… since 2015, the new Conservative Government has dithered and delayed, repeatedly promising that they would sort out the social care funding problem.

We still await the Green Paper promised in the Conservative 2017 Manifesto – with a side skirmish of the Dementia Tax, a form of inverse Dilnot, which so outraged voters it was dropped mid election.

Councils have faced massive cuts to all services, including making £6bn savings in adult social care since 2010. They are still being

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Help our MPs choose their Commons debate – last chance to have your say

Lib Dem MPs have a relatively rare opposition day debate this week. They are approaching it a bit differently by giving you a chance to decide the subject.

What’s particularly brilliant is that you get to vote preferentially too. That’ll be useful for next year’s Ashdown Prize organisers to note.

An email from Alistair Carmichael landed the other day:

On Tuesday 10th July, our MPs have an opposition day debate in Parliament.

This means that we can pick one topic and have MPs debate and vote on it in Westminster.

And we want to hear what you think MPs should be

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LibLink: Ed Davey: Terminally ill homeless people are dying on our streets. They deserve dignity like the rest of us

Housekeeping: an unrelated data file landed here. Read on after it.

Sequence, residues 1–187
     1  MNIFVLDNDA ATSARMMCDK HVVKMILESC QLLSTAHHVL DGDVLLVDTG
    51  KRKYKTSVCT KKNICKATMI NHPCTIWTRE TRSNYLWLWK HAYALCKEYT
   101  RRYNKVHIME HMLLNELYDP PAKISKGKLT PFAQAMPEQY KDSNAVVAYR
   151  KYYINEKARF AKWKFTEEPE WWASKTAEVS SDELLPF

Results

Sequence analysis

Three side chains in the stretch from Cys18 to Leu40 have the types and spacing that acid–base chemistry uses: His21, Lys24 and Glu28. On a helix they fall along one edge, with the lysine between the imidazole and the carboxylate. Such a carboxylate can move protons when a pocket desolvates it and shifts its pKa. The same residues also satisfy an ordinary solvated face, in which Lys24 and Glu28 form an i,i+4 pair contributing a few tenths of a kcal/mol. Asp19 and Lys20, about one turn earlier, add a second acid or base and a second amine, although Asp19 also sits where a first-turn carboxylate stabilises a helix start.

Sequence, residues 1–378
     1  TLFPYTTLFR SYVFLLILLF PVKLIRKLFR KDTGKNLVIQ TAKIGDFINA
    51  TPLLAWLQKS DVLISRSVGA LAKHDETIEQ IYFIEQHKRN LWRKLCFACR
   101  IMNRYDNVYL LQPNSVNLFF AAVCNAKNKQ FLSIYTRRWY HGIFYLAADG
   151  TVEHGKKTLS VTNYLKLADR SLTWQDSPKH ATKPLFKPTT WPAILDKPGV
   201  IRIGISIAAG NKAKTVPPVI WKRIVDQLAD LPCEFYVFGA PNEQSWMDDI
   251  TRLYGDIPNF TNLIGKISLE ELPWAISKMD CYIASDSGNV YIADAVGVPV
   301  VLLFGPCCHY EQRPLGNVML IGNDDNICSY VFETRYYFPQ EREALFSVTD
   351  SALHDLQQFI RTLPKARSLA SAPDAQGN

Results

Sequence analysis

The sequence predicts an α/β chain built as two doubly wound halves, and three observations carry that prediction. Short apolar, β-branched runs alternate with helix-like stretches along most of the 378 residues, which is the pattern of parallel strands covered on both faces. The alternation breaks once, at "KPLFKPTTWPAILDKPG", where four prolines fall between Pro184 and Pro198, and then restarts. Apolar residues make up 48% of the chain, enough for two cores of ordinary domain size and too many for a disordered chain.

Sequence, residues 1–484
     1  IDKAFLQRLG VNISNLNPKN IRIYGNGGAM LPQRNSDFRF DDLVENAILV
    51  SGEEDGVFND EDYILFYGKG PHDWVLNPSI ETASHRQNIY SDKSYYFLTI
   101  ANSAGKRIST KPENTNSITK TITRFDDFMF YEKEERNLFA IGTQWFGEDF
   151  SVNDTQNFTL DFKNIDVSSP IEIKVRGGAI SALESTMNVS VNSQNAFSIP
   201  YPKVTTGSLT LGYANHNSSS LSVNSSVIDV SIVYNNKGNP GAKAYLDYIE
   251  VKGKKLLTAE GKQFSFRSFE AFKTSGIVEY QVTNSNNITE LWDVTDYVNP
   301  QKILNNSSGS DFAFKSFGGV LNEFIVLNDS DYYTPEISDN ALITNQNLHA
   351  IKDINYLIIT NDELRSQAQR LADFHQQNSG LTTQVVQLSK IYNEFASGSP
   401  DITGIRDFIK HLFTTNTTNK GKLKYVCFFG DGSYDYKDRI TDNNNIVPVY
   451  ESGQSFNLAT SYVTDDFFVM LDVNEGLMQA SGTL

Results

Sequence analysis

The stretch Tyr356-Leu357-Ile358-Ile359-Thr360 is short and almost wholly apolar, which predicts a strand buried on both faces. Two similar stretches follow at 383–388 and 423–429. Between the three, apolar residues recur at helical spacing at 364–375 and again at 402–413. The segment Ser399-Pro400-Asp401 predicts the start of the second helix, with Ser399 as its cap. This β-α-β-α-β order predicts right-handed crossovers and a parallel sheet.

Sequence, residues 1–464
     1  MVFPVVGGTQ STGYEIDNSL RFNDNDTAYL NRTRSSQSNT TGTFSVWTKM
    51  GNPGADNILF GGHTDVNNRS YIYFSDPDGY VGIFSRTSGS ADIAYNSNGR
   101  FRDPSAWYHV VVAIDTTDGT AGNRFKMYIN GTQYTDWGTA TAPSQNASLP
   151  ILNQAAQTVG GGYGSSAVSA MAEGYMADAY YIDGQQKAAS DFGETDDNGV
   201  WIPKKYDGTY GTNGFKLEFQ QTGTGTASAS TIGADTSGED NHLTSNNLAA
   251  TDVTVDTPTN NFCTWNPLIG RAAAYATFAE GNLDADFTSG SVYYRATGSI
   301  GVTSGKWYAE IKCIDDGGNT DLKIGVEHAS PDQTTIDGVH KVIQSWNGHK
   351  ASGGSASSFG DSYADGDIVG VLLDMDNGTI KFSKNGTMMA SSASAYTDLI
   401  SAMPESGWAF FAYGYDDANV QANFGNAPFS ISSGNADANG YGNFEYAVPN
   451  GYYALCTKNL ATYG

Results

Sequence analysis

Here’s Ed Davey talking about the latest developments with his Bill to make sure that homeless people who are terminally ill are provided with appropriate accommodation and support. If you thought that this must automatically happen, then you are sadly mistaken.

In an article for …

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Lib Dem, Green and Labour LGBT organisations condemn transphobic protest at Pride

This morning I said I was excited about Pride in London today. Unfortunately, it has hit the headlines for all the wrong reasons after a small number of transphobic protesters were allowed to march at the front and hand out transphobic literature to the people lining the streets. From the Huffington Post:

Organisers of the most “diverse” Pride event in London have hit back at accusations it allowed a group of anti-transgender activists to lead the parade through the capital on Saturday.